This piece addresses acid rain and its effects on humans and the environment. In this painting, she drew acid rain drops falling from the sky, with it being discolored due to pollution. She decided to have a persons face melting off to represent the harsh reality of acid rain. She made the main character androgynous because she wanted it to be relatable to everyone. The topic of acid rain is not discussed much even though it occurs all over the world. If more people knew about the effects that acid rain has on the environment, she believes that more people would stop polluting the Earth.
Ocean Disasters, 2018
Acrylic paint, collected trash
Ocean Pollution is a global disaster.
This piece is created to show not only the effects pollution is taking on our oceans, but also our people. The artist feels that awareness and education on this issue is needed if we want a sustainable, healthy life and world for our future generations to inhabit. The painting is strongly inspired by Samantha French and her oil paintings.
Wire, thread, CD shards
Depicted is a series of the malnourished human body. The artist poses commentary on how society reacts to human malnourishment. She questions; Is being malnourished a problem prevalent in all societies? How does the perspective on malnourishment change between first and third world countries? How does malnourishment tie into body dysmorphia? She feels that society poses a contradictory agenda by claiming that there is an ideal body type while also pushing forward that we should accept every body type.
Sophia L. Beceiro
Bad Girls Club, 2018
Print 18 in x 24 in
This piece is a poster featuring twenty famous and influential women in history. It was created as a reminder of the resilience of each of these women as well as thousands of others who have faced hardships and resistance in their journeys. The artist created this piece using Adobe Illustrator.
Campaign to Fight Fires, 2018
When she resided in California, before moving to New York City, Samantha’s hometown went under an evacuation from the Canyon Fires 2 in 2017. Although wildfires were quite frequent in the state of California, this was a wake-up call for her and her loved ones that they were in a range of serious danger. As a reminder to never be comfortable, Campaign to Fight Fires serves to raise awareness of all dangers and the lasting effects they have on victims. The prints are minimal but hold a strong message of how devastating the California Wildfires really are.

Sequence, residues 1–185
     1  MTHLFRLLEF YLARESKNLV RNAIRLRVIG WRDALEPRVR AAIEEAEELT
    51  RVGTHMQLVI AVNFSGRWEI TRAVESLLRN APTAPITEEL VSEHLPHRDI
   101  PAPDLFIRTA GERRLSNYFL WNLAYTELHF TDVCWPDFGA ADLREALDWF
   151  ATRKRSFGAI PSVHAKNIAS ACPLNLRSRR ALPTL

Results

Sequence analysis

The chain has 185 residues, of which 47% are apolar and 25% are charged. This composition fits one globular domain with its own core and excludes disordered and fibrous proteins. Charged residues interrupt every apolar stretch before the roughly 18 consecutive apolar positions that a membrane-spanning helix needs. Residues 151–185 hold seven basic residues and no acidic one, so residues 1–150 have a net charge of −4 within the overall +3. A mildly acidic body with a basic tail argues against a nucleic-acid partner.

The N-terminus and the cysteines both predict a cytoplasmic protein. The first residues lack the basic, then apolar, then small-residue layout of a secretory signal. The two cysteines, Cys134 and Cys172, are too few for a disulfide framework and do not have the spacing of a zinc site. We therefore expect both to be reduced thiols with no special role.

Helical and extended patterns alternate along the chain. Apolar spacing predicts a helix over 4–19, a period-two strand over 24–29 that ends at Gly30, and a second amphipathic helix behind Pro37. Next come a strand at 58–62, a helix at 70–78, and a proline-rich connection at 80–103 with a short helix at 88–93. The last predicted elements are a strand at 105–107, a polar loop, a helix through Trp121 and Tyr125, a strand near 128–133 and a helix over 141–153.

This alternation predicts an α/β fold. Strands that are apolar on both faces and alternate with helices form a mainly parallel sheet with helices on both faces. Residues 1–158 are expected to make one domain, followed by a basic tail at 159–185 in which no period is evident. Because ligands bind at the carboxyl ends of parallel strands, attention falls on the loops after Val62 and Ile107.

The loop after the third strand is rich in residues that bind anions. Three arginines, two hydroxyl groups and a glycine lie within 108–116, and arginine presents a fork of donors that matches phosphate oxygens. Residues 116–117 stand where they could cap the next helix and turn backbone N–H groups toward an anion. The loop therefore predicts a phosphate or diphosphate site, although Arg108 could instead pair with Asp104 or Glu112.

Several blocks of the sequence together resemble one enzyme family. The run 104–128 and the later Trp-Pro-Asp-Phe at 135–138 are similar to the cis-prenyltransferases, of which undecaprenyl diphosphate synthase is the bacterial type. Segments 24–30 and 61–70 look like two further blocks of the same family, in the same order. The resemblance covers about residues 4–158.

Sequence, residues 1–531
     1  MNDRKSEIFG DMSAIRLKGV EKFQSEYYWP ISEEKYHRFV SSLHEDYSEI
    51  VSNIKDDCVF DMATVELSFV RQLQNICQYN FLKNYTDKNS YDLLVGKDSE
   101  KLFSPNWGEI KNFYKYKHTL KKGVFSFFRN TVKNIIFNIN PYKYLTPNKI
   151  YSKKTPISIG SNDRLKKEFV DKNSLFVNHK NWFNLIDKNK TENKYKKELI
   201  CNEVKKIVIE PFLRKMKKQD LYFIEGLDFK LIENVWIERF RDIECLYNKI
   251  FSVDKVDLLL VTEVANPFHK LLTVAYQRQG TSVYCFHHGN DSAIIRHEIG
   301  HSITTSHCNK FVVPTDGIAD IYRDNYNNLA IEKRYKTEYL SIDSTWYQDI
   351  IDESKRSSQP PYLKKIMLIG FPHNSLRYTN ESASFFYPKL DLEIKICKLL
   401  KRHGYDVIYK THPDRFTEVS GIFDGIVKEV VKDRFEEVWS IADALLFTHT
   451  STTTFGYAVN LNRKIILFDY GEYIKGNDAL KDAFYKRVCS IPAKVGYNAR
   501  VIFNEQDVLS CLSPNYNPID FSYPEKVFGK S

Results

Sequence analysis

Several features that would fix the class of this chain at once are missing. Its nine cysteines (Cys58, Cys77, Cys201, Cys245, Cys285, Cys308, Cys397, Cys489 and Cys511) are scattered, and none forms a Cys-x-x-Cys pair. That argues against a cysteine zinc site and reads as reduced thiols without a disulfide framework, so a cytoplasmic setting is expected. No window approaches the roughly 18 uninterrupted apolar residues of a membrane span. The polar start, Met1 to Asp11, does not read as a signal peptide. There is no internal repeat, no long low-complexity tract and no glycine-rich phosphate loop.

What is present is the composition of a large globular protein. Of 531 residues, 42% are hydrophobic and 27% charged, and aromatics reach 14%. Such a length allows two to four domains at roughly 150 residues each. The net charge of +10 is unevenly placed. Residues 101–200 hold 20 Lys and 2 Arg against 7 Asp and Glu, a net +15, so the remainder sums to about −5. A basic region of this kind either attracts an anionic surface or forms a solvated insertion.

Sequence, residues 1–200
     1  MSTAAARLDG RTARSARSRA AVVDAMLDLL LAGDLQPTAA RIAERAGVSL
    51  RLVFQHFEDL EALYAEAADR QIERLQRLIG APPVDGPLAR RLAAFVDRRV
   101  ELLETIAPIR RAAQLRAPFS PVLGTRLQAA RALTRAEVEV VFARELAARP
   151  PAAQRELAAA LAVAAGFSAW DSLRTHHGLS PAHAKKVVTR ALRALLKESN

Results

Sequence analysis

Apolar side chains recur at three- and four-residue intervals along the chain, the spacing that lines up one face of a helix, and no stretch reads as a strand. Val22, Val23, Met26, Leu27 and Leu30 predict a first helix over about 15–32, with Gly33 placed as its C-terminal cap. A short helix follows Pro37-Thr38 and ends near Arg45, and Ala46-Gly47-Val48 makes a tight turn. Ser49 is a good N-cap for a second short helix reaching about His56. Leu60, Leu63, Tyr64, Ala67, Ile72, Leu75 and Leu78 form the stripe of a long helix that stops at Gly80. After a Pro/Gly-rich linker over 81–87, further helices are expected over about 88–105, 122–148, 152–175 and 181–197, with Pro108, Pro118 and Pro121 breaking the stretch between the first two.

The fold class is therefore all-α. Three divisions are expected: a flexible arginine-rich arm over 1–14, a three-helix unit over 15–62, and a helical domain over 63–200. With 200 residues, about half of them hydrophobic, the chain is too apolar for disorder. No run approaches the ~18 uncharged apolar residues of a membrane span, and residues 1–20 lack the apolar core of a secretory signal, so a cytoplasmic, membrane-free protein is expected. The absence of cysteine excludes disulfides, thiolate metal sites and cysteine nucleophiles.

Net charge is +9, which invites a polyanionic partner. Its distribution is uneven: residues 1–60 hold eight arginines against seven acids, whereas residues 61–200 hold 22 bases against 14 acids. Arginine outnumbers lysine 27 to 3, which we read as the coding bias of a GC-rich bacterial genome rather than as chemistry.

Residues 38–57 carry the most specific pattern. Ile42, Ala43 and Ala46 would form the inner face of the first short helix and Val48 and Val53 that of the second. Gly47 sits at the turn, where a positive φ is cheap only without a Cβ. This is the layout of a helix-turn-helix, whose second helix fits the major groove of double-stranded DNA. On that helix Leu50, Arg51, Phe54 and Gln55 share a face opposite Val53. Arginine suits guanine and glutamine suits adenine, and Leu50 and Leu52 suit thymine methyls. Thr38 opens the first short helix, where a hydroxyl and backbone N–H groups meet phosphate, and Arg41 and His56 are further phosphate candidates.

Is it worth it?, 2018
Fast fashion has disastrous effects on our environment, as well as those consuming and producing these items. The usage of a fashion editorial, in contrast with captions, shows the deadly cost of fast fashion and displays the realities of what it does to our planet. This piece also illustrates how oblivious we are as humans to what fast fashion does to our environment. Yet there are people who continue to shop at these large fast fashion corporations. When one looks through a magazine or any sort of fashion advertisement, he or she does not know the true cost of what it takes to produce these items, and how detrimental fast fashion is.
Urban Disasters: Color Variations, 2018
Acrylic Paint, Canvas, Pencil
For his series of paintings, the artist wanted to focus on primal colors that are associated with the visual aspect of natural disasters. He connected red to natural wildfires, yellow to sandstorms, and blue to hurricanes. He also linked the idea of natural disasters to the devastating effects on large metropolitan environments that mainly face problems with damaged infrastructure. The inspiration for the subject comes from an image he took, here in New York, but he did not want the buildings to become recognizable in regards to which city this was because he wants these paintings to embody all urban areas.
There is cement in my veins and I must get it out. A physical manifestation of psychosis and dissociation.
Lending a Hand, 2018
Acrylic on Canvas Paper